• Clinical assessment of hydration is inaccurate
  • Unprotected vascular beds are at risk, ie., uterine
key steps using vasodilators
Key Steps Using Vasodilators
  • 250-500 cc of fluid, IV
  • Avoid multiple doses in rapid succession
  • Allow time for drug to work
  • Maintain LLD position
  • Avoid over treatment
acute medical therapy
Acute Medical Therapy
  • Hydralazine
  • Labetalol
  • Nifedipine
  • Nitroprusside
  • Clonidine
  • Dose: 5-10 mg every 20 minutes
  • Onset: 10-20 minutes
  • Duration: 3-8 hours
  • Side effects: headache, flushing, tachycardia, lupus like symptoms
  • Mechanism: peripheral vasodilator
  • Dose: 20 mg, then 40, then 80 every 20 minutes, for a total of 220mg
  • Onset: 1-2 minutes
  • Duration: 6-16 hours
  • Side effects: hypotension
  • Mechanism: Alpha and Beta blockade
  • Dose: 10 mg po, not sublingual
  • Onset: 5-10 minutes
  • Duration: 4-8 hours
  • Side effects: chest pain, headache, tachycardia
  • Mechanism: CA channel blockade
  • Dose: 1 mg po
  • Onset: 10-20 minutes
  • Duration: 4-6 hours
  • Side effects: unpredictable, avoid rapid withdrawal
  • Mechanism: Alpha agonist, works centrally
  • Dose: 0.2 – 0.8 mg/min IV
  • Onset: 1-2 minutes
  • Duration: 3-5 minutes
  • Side effects: cyanide accumulation, hypotension
  • Mechanism: direct vasodilator
seizure prophylaxis
Seizure Prophylaxis
  • Magnesium sulfate
  • Loading dose of 4 to 6 g diluted in 100 mL of normal saline, given IV over 15 to 20 minutes, followed by a continuous infusion of 1-2 g per hour
  • Monitor urine output, RR and DTR’s
  • With renal dysfunction, may require a lower dose
magnesium sulfate
Magnesium Sulfate
  • Is NOT a hypotensive agent
  • Works as a centrally acting anticonvulsant
  • Also blocks neuromuscular conduction
  • Serum levels: 4-7 mg/dL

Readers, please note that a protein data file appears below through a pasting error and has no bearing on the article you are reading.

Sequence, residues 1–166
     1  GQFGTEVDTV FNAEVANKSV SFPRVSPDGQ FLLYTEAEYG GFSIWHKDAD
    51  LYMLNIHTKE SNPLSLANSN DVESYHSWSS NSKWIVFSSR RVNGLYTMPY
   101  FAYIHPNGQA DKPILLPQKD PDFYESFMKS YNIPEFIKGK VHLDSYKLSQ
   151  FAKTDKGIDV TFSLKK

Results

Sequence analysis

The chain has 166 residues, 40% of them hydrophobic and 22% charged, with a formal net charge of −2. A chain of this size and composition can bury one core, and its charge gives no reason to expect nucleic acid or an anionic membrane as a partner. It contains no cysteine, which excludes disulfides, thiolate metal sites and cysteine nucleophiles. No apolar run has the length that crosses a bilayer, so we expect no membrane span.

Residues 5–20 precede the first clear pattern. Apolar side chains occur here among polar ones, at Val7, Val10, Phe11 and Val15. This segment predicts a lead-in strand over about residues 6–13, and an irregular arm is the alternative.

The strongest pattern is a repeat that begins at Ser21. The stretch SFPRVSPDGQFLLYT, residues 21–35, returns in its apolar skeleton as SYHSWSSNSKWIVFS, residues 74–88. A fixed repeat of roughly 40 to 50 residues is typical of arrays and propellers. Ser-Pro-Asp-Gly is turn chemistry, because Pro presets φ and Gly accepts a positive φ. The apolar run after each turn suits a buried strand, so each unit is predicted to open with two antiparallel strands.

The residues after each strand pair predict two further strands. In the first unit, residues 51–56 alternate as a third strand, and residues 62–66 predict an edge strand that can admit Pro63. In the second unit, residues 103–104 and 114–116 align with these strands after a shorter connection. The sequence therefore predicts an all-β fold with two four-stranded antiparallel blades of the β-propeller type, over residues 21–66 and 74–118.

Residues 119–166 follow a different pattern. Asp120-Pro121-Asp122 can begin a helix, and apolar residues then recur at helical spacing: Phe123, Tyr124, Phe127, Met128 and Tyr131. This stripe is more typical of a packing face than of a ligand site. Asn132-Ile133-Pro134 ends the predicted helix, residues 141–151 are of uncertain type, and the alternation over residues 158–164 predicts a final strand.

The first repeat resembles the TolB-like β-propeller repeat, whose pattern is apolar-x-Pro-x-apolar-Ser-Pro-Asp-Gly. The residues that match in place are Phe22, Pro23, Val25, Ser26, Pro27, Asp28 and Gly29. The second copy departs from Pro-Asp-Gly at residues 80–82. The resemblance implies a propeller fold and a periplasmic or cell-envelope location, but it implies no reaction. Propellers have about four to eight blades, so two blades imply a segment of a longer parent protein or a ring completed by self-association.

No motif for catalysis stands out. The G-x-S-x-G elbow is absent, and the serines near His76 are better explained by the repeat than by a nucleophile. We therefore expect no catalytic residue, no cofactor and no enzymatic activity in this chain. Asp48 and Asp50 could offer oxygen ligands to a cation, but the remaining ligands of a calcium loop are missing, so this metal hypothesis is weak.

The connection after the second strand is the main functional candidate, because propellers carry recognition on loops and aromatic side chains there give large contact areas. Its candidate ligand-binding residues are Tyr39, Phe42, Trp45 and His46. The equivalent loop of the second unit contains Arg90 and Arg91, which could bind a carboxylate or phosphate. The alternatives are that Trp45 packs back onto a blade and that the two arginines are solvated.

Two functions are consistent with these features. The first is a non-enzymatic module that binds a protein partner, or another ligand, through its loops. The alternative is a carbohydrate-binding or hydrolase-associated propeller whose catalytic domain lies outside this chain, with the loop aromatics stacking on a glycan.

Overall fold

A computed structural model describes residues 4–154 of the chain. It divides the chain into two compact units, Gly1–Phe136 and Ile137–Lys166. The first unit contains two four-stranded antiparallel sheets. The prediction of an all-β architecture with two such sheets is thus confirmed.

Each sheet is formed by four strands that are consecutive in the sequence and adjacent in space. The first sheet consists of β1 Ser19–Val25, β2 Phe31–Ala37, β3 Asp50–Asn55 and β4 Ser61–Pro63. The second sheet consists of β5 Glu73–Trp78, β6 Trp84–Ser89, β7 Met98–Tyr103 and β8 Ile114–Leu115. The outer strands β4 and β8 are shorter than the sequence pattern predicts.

• Additional benefit of reducing the incidence of placental abruption
  • Respiratory rate < 12
  • DTR’s not detectable
  • Altered sensorium
  • Urine output < 25-30 cc/hour
  • Antidote: 10 ml of 10% solution of calcium gluconate 1 g IV over 2 minutes.
  • New onset of seizures in a woman with pre-eclampsia.
  • Preceded by increasingly severe preeclampsia, or it may appear unexpectedly in a patient with minimally elevated blood pressure and no proteinuria.
  • Blood pressure is only mildly elevated in 30-60% of women who develop eclampsia.
  • Occurs: Antepartum - 53%, intrapartum - 19%, or postpartum - 28%
treatment of eclampsia
Treatment of Eclampsia
  • Protecting the patient and her airway
  • Place patient on left side and suction to minimize the risk of aspiration
  • Give oxygen
  • Avoid insertion of airways and padded tongue blades
  • IV access
  • Mag Sulfate 4-6 g IV bolus, if not effective, give another 2 g
alternate anticonvulsants
Alternate Anticonvulsants
  • Diazepam 5-10 mg IV
  • Sodium Amytal 100 mg IV
  • Pentobarbital 125 mg IV
  • Dilantin 500-1000 mg IV infusion
after the seizure
After the Seizure
  • Assess maternal labs
  • Fetal well-being
  • Effect delivery
  • Transport when indicated
  • No need for immediate cesarean delivery
other complications
Other Complications
  • Pulmonary edema
  • Oliguria
  • Persistent hypertension
  • DIC
pulmonary edema
Pulmonary Edema
  • Fluid overload
  • Reduced colloid osmotic pressure
  • Occurs more commonly following delivery as colloid oncotic pressure drops further and fluid is mobilized
treatment of pulmonary edema
Treatment of Pulmonary Edema
  • Avoid over-hydration
  • Restrict fluids
  • Lasix 10-20 mg IV
  • Usually no need for albumin or Hetastarch (Hespan)
  • 25-30 cc per hour is acceptable
  • If less, small fluid boluses of 250-500 cc as needed
  • Lasix is not necessary
  • Postpartum diuresis is common
  • Persistent oliguria almost never requires a PA cath
persistent hypertension
Persistent Hypertension
  • BP may remain elevated for several days
  • Diastolic BP less than 100 do not require treatment
  • By definition, preeclampsia resolves by 6 weeks
disseminated intravascular coagulopathy
Disseminated Intravascular Coagulopathy
  • Rarely occurs without abruption